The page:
In a Nutshell: SWOT Analysis

In a Nutshell: SWOT Analysis

This article offers an expanded description of the summary listed in our post 40 Must-Know HR, OD, L&D Models.

Background: The SWOT framework was developed by American management consultant Albert S. Humphrey and his colleagues while working at the Stanford Research Institute (now SRI International) during the 60s and 70s.

SWOT was a result of the desire to understand why strategic planning in large companies often failed and how to get management teams to agree on common objectives. SRI produced a method for planning used with teams called SOFT analysis:

Satisfactory (what is good in the present?) Opportunity (what is good in the future?) Fault (what is bad in the present?) Threat (bad in the future?)

This was used as a sub-element of a larger planning process in which SOFT was analysed in relation to “six programme-planning categories”. These were Product, Process, Customer, Distribution, Finance, and Administration.

According to Humphrey, SOFT analysis was presented in a seminar at Zurich in 1964 and Urick and Orr changed the F to a W and called it the SWOT analysis. This was the first time it was presented as a standalone tool rather than being part of a process. Weihrich (1982) later presented SWOT in the format of a matrix, displaying internal factors (the strengths and weaknesses) and external factors (opportunities and threats). It is Weihrich who is often credited with the four-box matrix now in common use.

Overview: Short for strengths, weaknesses, opportunities and threats, SWOT analysis is one of the most popular and commonly used models in a wide variety of strategic planning activities, which can be applied to a company, product, area, system or individual.

The SWOT matrix is easy to understand and only takes a few seconds to construct. It is often drawn as a simple 4-box diagram on a sheet of paper with open space to list ideas within each quadrant. SWOT very simply identifies the internal and external factors that are favourable and unfavourable to the subject of the discussion.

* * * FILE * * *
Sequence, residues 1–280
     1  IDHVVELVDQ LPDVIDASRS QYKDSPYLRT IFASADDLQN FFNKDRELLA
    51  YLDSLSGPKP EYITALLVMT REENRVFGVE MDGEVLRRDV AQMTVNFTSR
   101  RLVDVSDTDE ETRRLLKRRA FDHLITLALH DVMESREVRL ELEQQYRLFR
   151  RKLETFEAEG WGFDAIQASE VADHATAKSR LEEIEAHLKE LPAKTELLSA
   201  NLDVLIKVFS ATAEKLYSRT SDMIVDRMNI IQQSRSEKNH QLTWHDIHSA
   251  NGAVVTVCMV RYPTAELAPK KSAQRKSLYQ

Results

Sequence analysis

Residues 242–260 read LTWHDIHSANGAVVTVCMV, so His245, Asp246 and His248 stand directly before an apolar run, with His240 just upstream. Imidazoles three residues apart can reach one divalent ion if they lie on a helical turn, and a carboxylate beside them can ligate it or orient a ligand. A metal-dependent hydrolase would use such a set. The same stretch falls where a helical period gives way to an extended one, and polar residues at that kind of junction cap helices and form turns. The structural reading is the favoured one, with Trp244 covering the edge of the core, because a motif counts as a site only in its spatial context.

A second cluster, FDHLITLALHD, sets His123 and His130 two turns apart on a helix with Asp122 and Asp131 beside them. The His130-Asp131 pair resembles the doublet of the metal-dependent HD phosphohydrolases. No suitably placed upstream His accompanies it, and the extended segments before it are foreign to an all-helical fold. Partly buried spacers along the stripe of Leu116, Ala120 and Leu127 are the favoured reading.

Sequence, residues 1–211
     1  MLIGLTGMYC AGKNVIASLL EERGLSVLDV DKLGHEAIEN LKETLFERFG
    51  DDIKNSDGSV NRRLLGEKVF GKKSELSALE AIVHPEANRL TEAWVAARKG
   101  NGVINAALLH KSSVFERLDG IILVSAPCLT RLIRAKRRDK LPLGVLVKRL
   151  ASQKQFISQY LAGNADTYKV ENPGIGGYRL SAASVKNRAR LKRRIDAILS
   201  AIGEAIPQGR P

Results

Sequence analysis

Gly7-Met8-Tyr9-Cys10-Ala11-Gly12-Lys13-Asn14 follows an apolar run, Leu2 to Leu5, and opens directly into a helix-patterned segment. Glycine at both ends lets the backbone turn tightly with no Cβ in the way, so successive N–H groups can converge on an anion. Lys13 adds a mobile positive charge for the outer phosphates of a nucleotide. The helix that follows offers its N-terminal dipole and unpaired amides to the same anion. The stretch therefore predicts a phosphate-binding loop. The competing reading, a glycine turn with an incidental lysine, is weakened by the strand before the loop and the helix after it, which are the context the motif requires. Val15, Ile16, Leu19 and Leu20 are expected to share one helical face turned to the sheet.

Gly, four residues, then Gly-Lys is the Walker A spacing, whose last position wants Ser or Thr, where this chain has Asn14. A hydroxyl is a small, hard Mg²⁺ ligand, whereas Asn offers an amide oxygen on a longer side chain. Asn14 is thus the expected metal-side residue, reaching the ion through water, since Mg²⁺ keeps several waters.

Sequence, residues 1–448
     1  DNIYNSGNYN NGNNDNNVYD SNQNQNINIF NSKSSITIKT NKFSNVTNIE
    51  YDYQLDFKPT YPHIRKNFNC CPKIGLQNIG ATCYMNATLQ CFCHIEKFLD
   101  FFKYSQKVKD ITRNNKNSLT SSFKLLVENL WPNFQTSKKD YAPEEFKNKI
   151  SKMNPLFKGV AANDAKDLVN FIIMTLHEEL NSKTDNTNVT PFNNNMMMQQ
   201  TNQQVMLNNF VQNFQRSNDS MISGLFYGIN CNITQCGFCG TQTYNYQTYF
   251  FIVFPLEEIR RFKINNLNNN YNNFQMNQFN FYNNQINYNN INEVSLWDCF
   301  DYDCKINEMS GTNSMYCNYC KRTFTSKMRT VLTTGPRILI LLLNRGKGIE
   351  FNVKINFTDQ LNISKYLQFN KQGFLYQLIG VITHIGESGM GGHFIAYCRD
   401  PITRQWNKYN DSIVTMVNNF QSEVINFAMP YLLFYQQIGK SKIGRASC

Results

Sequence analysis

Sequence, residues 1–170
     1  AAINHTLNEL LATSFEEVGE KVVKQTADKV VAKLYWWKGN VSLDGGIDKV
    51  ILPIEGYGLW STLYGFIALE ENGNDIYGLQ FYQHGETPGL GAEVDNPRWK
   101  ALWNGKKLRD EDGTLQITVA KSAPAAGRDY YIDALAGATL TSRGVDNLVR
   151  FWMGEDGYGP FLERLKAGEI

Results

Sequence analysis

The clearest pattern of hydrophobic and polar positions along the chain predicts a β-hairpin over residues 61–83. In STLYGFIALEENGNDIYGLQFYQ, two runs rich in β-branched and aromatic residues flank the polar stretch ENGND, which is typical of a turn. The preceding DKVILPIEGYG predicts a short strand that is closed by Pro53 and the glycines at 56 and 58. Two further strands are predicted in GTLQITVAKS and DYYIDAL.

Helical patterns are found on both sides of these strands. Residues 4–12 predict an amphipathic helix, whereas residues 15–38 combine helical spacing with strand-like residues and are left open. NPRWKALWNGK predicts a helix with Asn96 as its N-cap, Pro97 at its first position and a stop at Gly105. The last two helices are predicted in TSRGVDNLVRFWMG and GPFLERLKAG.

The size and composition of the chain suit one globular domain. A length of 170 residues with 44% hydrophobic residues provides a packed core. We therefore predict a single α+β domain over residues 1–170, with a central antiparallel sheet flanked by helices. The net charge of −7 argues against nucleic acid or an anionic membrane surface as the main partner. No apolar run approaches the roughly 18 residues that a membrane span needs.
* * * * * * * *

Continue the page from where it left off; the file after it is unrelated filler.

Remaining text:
In general business use, SWOT is most often employed as a high-level framework for helping to brainstorm, examine and explore the various factors that may influence the success of a company’s market position or a specific product, marketing campaign, initiative or venture relative to its competitive environment. Ideas are usually generated in a group format. The general purpose of the framework is to use the information gained from the group discussion to raise awareness, clarify thinking, and generate strategies designed to protect or improve the company’s interests or market position. Sometimes, the framework is applied to individuals as a self-development exercise, which is known as a “personal SWOT analysis”.

With relevance to a business context, below are some of the factors that might be discussed in each zone as an example.

Strengths (Internal Positives) Experience, skills and knowledge in the proposed industry. Good business location. Product/ service uniqueness. Owned resources (plant, equipment, facility, etc.)

Weaknesses (Internal Negative) Inadequate financing capabilities. High cost of production. Lack of marketing and distribution channels. Inability to adopt new technology.

Opportunities (External Positives) Unmet customer needs. New and developing markets. Technology development. Weak or few competitors. Loosening of regulations.

Threats (External Negatives) Changing consumer tastes. Substitute products. Increasing competition. Technological changes. Adverse government policies.

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